My university is an engineering school and requires calc 3 before taking DE. However, there's not a thing in calc 3 that is needed in DE. The reason calc 3 is a pre-req is simply because of the way the flow chart for engineering students is layed out. DE is taken after calc 3 on the flow chart, so calc 3 is a pre-req to DE. That's all, really. I doubt the chair of the math department would have a problem waiving that pre-req requirement if someone for some reason NEEDED to take both DE and calc 3 at the same time, of DE before taking calc 3.

Save some money and take it at CC. They are the same class.
 
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  • #36
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leon1127 said:
Most University offer introduction of calculus in 2 semester courses, which community college offers it in 3 semester mostly.

:JasonRox My school offers 90% of the higher level maths at night and lower during the afternoon, and i am on the line between higher and lower. Poor me :cry:
Nearly all of the universities I've researched cover introductory calc in 3 semesters...not just community colleges.
 
  • #37
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leright said:
Nearly all of the universities I've researched cover introductory calc in 3 semesters...not just community colleges.
I completely agree.
 
  • #38
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leright said:
My university is an engineering school and requires calc 3 before taking DE. However, there's not a thing in calc 3 that is needed in DE. The reason calc 3 is a pre-req is simply because of the way the flow chart for engineering students is layed out. DE is taken after calc 3 on the flow chart, so calc 3 is a pre-req to DE. That's all, really. I doubt the chair of the math department would have a problem waiving that pre-req requirement if someone for some reason NEEDED to take both DE and calc 3 at the same time, of DE before taking calc 3.

Save some money and take it at CC. They are the same class.
waht do you guys mean by calc 3?
at my school
calc 1 is single variable
calc 2 is multivariable
calc 3 is essentially an analysis course delving into the theory aspect of calc 2 with intro to topology and rigirous real analysis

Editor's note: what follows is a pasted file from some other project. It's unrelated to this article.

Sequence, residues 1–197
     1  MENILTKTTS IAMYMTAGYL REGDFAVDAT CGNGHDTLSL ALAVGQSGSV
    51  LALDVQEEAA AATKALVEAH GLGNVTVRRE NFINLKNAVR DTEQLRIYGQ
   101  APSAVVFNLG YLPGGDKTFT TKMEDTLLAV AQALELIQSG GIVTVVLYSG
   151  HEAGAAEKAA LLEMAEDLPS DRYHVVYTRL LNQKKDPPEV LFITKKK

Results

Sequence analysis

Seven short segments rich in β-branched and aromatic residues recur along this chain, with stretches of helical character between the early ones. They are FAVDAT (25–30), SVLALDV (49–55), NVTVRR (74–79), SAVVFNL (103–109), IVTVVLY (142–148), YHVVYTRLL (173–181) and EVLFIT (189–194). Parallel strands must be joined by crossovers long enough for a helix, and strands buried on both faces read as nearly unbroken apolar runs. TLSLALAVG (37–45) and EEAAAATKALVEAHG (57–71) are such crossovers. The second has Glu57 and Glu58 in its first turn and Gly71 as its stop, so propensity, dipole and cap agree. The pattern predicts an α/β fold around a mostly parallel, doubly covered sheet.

• #39
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Calc 1 - Differential Calculus
Calc 2 - Integral Calculus
Calc 3 - Multivariable Calculus
 
  • #40
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well i guess its diffrent in canada becasue we do calculus (used to anyway, not anymore, as of next academic year) in grade 12 and then go to university/college
 
  • #41
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Unfortunately, not all college's/professors are happy with the the AP classes taken in high school, or will allow you to use them for college credit. I can't say for sure the way things are now (I graduated from highschool in '94 -things may be completely different-), but my sister and I both took AP level courses for several classes in high school; we both had just about perfect grades, and neither of us were allowed to carry every AP class over for college credit.

I did take AP calculus in high school and calc I in college; I found the material and the expectations -in college- to be much more than it was in highschool. It was more rigorous, things moved at a quicker pace & they went through the material more in depth. Honestly, at first I was ticked off that I had to re take it, but in a way it was like taking a whole new class. I got a lot more out of it, and a better of understanding of concepts that I didn't even realize I needed a better understanding off.

I was actually just talking to my sister about this a few weeks ago, and both of us felt that we learned more and got more out of the classes that we re-took in college. I can honestly say if I had gone directly to the next level with everything when I got to college I think it would have put me at a disadvantage, and I'm glad I wasn't able to carry all those classes over.

One thing I've noticed that was going on when I was in high school, but seems to be getting more intense as the years go by is this need, and this push students are given to "speed" through everything as fast as possible. They are really pushing students (if their grades indicate they should take AP classes) to get college classes out of the way in high school, and pushing too hard in general. One of my employee's has a daughter in 12th grade, she takes AP classes, and does extrmemely well in them, but she has about 6 hours of homework and studying a night! I think this philosophy tends to leave teeneagers unprepared, and many get burnt out quickly. Don't push yourself too hard to get everything done fast. It's better to take a couple classes again than to go into new classes and fall behind because the AP class didn't cover enough material. Highschool classes, AP or not are not like a college course (at least in my experience).

If you really are set on getting ahead you could take the courses over the summer at the college your attending if it's in your hometown, and if it's not you could take them at a local university. My advice though would be to take at least some of the classes again (if you have a full AP load) in college and look at AP as college prep, a foundation so to speak. I haven't been in highschool, or college for a while so if I'm way off I apologize, but I think it probably hasn't changed that much.

Regardless of what you do, good luck!:smile: